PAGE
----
Posted in Dublin, Ireland on 27 November 1903.

Wednesday, January 23, 2013

And the Winner is....

Dear readers of HTBS ~ It is with great delight I write that on this very morning ‘Hear The Boat Sing’ received the thrilling announcement that it had been chosen as the ‘Rowing History Blog of 2012’, an award which is handed out by the good people at To be honest, it is a humble experience, especially as HTBS was nominated in this category together with Peter Mallory’s Rowing Evolution. Peter, as you all know, is world famous for his 2,500-word masterpiece The Sport of Rowing.

Rowperfect’s Rebecca Caroe writes on her website about HTBS – ‘a blog that has grown in its reach and extent over the past year. It covers not only past history but also history-in-the-making such as Boat Race updates. Göran gives us regular updates and his diverse interests in many countries help show our sport around the world. The community is so strong that they organised to commission a silk tie for readers during the year. It includes lots of good photos and recently, poetry. The only downside is that there’s no way of subscribing by email (only RSS reader).’ *

Thank you, Becky!

The other winners of the different categories are:
Coxing blogs: The Coxswain Perspective
Athlete blogs: Girl on the River
Coaching blogs: Coaching the Cox
Ergo blogs: Caroline’s Rowing Blog
General news: Rowing Related

Please read about all the nominees on Rowperfect’s website here.

As you all loyal readers of HTBS know, HTBS is really not my blog, it belongs to all my wonderful co-workers and contributors around the world – Greg Denieffe, Tim Koch, Philip Kuepper, Louis Petrin and Hélène Rémond, and others who have sent contributions to HTBS during 2012 – it is with them I share this award. Without them there would not be a HTBS, nor, for that matter, would this blog exist if it hadn’t been for you, the readers of this blog. So, THANK YOU ALL!


*Just a little footnote to correct one small thing in Becky’s description of HTBS – of course, you readers can subscribe to this blog via e-mail. Please have a look on top of the green ’bar’ on the right.

Tuesday, January 22, 2013

Think Summer!

I know that summer seems far away, but I would like to think that reading about a summer activity might help us all to go through the bitter season we are in right now. Here is what R.P.P. Rowe and C.M. Pitman write in Rowing (1898; Badminton Library) about sculling for ‘the would-be sculler’:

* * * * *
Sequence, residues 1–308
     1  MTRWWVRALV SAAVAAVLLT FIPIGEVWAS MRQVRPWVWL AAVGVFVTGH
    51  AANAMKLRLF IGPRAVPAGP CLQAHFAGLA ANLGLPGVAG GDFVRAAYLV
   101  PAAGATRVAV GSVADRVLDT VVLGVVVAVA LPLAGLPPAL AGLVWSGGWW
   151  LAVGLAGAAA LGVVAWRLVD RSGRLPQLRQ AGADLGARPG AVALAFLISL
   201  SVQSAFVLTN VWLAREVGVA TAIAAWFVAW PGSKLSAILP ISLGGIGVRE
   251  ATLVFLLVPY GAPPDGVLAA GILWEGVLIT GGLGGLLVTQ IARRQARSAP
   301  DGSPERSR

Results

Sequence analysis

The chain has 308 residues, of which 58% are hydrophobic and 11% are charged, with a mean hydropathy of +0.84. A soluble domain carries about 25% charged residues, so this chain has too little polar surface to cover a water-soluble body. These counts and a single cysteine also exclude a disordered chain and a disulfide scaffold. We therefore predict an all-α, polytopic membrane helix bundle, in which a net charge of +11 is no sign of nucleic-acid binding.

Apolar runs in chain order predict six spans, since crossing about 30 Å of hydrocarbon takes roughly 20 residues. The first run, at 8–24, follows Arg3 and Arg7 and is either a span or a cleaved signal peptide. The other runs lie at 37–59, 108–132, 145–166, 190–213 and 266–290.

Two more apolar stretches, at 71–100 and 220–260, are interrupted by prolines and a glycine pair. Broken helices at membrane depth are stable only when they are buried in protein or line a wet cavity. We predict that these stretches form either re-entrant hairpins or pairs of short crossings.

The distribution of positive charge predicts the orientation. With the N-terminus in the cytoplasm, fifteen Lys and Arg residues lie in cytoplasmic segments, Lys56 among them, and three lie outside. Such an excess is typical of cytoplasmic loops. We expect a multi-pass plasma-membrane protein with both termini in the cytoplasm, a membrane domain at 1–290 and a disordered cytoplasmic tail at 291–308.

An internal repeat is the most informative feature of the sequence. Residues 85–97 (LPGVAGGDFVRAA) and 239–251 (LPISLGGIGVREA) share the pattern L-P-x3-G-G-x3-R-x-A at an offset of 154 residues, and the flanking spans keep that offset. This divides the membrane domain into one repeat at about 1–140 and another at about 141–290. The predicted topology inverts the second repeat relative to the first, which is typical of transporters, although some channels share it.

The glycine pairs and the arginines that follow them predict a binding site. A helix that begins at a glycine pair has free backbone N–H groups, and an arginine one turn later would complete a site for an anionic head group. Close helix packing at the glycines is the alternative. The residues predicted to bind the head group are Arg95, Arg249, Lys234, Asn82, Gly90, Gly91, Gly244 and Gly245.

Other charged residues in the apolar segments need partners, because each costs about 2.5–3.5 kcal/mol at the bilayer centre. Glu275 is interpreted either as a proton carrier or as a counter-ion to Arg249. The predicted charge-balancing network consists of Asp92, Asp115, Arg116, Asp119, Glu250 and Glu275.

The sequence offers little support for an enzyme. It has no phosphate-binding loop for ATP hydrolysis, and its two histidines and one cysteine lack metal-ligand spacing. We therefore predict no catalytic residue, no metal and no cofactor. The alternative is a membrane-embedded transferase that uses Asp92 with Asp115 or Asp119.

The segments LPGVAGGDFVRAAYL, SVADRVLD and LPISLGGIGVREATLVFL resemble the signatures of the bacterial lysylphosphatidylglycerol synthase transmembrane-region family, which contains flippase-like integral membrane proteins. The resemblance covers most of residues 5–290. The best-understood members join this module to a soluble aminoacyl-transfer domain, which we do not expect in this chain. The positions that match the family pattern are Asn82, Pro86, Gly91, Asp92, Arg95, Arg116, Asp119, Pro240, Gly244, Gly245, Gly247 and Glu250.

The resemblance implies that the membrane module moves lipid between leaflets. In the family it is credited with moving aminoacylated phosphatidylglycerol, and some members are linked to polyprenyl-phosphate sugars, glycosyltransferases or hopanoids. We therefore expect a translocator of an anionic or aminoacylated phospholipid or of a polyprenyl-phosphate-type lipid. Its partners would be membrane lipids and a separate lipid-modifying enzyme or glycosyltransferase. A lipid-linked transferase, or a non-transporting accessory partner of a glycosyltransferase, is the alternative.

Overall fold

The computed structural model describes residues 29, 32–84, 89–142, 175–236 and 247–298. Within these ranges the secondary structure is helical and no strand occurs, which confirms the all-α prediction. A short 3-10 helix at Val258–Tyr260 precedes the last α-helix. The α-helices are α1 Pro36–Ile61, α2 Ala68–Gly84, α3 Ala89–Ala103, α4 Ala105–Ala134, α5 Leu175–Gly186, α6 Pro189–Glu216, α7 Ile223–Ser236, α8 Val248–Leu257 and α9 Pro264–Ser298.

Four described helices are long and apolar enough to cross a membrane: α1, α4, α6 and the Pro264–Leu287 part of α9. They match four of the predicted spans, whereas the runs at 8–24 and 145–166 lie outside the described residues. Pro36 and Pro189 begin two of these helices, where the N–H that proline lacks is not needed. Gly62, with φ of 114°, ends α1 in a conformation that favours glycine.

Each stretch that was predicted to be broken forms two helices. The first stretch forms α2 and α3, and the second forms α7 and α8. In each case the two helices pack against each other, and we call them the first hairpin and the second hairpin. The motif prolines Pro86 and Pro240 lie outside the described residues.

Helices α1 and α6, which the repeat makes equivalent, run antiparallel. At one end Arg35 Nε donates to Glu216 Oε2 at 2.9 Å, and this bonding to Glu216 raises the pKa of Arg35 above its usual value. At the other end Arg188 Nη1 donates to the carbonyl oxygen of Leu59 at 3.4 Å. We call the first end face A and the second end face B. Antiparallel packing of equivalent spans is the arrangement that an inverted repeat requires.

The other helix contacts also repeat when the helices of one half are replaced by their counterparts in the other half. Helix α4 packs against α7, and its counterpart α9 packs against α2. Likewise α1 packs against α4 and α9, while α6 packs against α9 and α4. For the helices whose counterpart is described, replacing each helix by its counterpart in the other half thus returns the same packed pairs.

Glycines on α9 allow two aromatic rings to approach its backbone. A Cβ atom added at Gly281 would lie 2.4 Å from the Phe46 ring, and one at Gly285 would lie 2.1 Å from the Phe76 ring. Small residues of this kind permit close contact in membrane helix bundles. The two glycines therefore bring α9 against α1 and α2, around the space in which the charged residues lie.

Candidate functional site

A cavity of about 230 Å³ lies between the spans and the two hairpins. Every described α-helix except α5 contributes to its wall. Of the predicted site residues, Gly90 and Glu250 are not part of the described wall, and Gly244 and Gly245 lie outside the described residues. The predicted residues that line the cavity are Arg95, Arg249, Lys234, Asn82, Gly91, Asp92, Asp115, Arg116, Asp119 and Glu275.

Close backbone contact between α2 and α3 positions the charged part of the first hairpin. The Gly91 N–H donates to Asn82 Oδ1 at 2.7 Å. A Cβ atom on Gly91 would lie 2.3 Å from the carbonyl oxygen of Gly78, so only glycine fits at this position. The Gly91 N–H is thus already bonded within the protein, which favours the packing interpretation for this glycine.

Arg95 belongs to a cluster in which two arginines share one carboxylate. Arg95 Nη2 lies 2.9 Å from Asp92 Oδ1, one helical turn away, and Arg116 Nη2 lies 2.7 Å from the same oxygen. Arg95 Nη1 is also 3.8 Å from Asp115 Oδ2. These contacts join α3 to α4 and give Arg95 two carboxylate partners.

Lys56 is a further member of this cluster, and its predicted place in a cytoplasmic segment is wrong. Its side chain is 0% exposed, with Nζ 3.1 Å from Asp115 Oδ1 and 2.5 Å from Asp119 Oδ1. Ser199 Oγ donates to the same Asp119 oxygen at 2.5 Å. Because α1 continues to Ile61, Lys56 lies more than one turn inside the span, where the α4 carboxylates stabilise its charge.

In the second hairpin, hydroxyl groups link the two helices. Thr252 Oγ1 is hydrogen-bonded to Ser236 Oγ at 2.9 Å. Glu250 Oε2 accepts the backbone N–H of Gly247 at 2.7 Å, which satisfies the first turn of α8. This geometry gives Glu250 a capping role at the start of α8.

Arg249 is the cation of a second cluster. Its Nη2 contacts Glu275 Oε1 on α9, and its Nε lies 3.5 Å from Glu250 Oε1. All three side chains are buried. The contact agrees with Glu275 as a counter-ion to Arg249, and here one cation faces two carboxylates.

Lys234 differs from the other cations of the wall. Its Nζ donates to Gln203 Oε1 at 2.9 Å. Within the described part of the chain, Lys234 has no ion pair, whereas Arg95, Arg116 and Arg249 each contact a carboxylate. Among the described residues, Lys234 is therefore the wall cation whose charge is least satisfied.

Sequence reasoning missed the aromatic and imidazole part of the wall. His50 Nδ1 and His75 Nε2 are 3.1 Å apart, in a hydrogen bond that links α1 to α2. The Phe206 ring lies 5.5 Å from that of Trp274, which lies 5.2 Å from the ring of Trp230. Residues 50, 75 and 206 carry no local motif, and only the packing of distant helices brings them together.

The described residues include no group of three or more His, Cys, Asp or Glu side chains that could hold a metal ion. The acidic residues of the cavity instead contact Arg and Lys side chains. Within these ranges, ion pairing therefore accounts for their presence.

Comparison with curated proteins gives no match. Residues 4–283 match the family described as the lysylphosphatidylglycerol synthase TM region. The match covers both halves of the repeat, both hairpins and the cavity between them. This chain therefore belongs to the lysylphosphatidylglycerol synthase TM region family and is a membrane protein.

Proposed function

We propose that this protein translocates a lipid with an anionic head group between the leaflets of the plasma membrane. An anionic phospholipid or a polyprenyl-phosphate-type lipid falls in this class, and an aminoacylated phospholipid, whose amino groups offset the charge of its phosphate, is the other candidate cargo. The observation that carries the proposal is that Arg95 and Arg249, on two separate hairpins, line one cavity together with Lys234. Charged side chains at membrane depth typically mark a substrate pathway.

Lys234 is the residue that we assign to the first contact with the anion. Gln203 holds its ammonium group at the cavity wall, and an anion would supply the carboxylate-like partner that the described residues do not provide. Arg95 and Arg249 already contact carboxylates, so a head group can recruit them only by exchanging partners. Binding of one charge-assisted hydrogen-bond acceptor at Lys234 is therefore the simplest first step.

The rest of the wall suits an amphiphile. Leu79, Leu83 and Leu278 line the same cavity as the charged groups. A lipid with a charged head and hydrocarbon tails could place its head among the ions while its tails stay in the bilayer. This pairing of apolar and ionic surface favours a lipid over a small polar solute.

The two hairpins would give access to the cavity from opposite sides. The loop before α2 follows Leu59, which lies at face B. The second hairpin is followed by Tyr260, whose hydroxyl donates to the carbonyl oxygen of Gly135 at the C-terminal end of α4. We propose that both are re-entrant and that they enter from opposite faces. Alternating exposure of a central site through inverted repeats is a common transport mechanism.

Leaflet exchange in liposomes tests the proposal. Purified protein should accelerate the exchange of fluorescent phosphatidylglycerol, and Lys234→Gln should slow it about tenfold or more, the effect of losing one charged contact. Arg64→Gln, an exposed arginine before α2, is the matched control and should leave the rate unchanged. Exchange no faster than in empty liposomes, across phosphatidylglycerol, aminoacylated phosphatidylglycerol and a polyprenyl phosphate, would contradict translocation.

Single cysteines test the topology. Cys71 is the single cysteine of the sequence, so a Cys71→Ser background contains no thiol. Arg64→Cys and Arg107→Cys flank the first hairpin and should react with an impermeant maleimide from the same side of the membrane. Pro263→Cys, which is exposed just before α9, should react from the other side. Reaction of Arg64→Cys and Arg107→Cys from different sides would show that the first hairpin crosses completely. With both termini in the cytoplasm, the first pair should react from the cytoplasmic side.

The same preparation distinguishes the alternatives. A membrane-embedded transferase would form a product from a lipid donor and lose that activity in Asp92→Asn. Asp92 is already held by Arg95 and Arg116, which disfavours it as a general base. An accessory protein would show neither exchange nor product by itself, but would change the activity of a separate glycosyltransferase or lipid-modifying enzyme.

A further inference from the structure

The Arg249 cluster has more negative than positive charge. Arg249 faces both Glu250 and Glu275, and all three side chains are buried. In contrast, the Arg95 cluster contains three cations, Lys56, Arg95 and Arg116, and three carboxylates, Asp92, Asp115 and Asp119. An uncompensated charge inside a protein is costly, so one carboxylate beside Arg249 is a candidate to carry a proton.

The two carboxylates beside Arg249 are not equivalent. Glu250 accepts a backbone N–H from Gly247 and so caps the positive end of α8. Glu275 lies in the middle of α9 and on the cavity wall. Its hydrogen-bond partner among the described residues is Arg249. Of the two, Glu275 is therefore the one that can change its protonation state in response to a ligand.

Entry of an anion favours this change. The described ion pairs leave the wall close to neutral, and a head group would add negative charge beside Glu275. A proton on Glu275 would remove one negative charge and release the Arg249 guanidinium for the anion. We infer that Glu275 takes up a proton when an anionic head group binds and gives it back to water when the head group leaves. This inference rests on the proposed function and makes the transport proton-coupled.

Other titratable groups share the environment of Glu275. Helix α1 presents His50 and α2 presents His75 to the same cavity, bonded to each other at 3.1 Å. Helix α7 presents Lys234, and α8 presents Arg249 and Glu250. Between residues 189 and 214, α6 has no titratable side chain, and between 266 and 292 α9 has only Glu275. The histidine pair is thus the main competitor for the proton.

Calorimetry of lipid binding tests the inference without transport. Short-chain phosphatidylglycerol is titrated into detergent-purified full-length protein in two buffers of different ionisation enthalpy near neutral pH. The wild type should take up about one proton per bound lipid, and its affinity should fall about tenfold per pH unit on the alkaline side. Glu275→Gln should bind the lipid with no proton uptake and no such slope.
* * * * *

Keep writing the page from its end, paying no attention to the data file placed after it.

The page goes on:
‘First, don’t strap your feet in too tightly, as you may find it difficult to get them out if you have to swim for it. Secondly, hold on to both sculls and don’t let go, as you will  thus considerably lessen the problem of an upset. Thirdly, take very short strokes at first; you can reach out further as you gain confidence. Fourthly, if you give a big lurch and think that a spill is imminent, stop sculling, try to put your blades flat on the water, and get the handles of your sculls as near to one another as possible. Fifthly, make your first attempt in the summer, when the water is warm and pleasant to swim in. Sixthly, if you upset in the Cam, send your clothes to the wash.’


Sunday, January 20, 2013

Touching Distance

In one of its recent @Google Talks, Google hosted rowing champion and double Olympic gold medalist James Cracknell and his wife, TV presenter Beverley Turner. The two talked about their story before and after James's accident, which threatened to damage their lives. They have now published an autobiography Touching Distance. Read more about them here, read a review about their book here, and watch the almost one hour long chat below: